On standard-speed LPs, however, some grooves, especially those representing very quiet sounds, are so tiny and so tightly curved that no cartridge can track them perfectly. As a result fine details the full shimmer of a cymbal, the vibrating wood of a bass, the sense of real people playing in a real space get a little bit smeared.

But the grooves on a 45-r.p.m. LP are spread out more widely. Their undulations are much less sharp, so theyre easier to navigate. The cartridge ferrets out a lot more low-level detail within the grooves walls, Mr. Hobson said. It connects you a little more closely to the live music. Were trying to do time traveling here.

In the mid-1970s a handful of small labels released albums of new music at 45 r.p.m. They never sold enough to generate even a minor trend, but they sounded amazingly vivid.

In 1998 Mr. Hobson took a leap and released his first 45-r.p.m. reissues, starting with RCA Living Stereos. In 2000 he moved on to some Blue Notes. (The first ones were, again, the Coltrane and Adderley LPs.) He pressed only a few hundred copies of each. And they didnt exactly fly out the window, he recalled.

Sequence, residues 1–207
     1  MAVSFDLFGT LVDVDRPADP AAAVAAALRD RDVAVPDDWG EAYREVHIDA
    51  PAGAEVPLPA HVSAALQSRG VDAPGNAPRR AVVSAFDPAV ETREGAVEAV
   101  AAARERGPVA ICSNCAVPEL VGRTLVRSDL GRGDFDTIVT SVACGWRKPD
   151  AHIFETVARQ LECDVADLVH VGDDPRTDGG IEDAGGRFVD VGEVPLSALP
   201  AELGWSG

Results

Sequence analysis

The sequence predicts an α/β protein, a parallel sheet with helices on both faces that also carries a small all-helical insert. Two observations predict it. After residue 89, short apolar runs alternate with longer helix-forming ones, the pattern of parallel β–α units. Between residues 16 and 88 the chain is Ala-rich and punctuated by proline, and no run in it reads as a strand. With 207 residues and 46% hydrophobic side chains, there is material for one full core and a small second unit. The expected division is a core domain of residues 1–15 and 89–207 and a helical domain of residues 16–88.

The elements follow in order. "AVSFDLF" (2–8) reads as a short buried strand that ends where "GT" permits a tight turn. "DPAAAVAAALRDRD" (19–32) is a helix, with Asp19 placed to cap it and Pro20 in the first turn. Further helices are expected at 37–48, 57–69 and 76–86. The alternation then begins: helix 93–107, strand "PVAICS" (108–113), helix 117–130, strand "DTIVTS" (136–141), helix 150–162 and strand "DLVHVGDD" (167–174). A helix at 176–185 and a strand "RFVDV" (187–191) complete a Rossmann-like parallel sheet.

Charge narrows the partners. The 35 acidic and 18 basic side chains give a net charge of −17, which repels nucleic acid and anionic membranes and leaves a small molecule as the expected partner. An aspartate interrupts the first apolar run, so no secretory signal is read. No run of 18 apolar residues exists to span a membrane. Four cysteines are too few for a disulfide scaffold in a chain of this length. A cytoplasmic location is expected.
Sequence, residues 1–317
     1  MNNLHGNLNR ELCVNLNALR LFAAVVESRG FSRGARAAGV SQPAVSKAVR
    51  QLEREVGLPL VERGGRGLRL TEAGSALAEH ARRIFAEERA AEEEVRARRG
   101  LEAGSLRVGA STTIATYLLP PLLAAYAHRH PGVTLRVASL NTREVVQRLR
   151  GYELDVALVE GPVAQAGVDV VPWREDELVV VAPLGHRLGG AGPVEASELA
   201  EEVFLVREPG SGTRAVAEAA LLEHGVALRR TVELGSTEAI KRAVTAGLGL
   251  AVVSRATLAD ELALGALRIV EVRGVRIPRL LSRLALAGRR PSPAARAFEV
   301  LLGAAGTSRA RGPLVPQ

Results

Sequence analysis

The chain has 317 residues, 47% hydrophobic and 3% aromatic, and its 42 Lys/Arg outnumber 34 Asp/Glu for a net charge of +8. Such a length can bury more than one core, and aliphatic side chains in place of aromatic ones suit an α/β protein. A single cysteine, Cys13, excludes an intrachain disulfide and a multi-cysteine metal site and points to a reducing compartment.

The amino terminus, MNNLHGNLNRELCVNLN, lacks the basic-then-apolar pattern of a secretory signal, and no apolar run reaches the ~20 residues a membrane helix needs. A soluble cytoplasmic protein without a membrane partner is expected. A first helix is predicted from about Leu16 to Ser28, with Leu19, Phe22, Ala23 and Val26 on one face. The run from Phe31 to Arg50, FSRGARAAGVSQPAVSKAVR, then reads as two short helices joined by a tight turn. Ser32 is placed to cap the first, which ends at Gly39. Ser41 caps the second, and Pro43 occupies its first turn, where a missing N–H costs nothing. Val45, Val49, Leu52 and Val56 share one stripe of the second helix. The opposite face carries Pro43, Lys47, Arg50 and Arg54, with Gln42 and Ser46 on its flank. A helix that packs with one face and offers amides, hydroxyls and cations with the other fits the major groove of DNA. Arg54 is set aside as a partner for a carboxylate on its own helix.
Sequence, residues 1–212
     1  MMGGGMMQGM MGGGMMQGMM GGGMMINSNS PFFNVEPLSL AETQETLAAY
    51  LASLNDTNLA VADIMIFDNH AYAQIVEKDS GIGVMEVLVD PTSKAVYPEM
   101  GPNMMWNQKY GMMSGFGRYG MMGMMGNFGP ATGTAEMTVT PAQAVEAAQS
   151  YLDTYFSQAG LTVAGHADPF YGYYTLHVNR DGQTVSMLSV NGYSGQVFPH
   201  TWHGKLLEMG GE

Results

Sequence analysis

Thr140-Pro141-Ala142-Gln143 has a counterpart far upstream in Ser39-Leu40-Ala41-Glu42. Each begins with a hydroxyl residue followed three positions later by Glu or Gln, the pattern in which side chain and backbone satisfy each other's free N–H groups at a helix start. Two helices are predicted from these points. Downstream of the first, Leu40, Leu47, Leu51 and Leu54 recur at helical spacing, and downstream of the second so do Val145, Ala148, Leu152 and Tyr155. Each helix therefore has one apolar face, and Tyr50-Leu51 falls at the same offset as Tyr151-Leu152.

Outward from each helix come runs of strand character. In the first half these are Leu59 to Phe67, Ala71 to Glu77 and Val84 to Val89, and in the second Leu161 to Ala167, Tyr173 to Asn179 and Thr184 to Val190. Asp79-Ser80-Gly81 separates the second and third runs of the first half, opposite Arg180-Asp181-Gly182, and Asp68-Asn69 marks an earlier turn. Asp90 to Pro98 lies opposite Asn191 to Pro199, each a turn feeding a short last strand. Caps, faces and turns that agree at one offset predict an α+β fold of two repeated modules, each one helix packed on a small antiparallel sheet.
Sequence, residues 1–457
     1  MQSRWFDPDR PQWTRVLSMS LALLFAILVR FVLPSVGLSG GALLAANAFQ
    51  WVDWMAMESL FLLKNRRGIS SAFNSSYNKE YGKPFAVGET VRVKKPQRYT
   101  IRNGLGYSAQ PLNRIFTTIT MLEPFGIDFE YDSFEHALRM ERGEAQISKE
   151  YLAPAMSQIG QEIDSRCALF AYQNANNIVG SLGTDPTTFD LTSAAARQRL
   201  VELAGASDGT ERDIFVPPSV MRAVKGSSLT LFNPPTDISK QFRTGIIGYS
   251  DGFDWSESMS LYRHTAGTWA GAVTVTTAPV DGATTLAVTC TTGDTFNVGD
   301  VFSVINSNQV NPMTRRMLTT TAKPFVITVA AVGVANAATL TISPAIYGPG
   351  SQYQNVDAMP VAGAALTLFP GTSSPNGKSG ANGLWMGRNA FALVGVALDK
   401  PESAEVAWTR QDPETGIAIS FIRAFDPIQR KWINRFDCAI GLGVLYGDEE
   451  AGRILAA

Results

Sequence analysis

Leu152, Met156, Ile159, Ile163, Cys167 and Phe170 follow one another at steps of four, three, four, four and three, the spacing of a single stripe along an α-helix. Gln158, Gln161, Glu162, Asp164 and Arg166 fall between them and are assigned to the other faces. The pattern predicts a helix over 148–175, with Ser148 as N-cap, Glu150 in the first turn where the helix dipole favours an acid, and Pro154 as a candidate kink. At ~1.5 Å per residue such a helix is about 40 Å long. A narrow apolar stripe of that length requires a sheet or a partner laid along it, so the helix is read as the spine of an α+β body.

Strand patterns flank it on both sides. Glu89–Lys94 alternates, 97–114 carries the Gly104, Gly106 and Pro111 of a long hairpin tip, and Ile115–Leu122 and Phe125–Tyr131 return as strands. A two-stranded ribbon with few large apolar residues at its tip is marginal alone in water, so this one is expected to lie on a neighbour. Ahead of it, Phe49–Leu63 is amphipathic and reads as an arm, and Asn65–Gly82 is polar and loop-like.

One problem might have been that he went too far. Hed heard tests in which single-sided LPs with grooves on one side, a flat blank surface on the other sounded better than two-sided LPs. (This may seem crazy, but its true; Ive heard the same tests.) So he put out his 45s like that, meaning each album had to be spread out across not just two slabs of vinyl but four. I figured if were going all out, lets go all out, he recalled. But these records were very expensive to make, and even audiophiles found them unwieldy.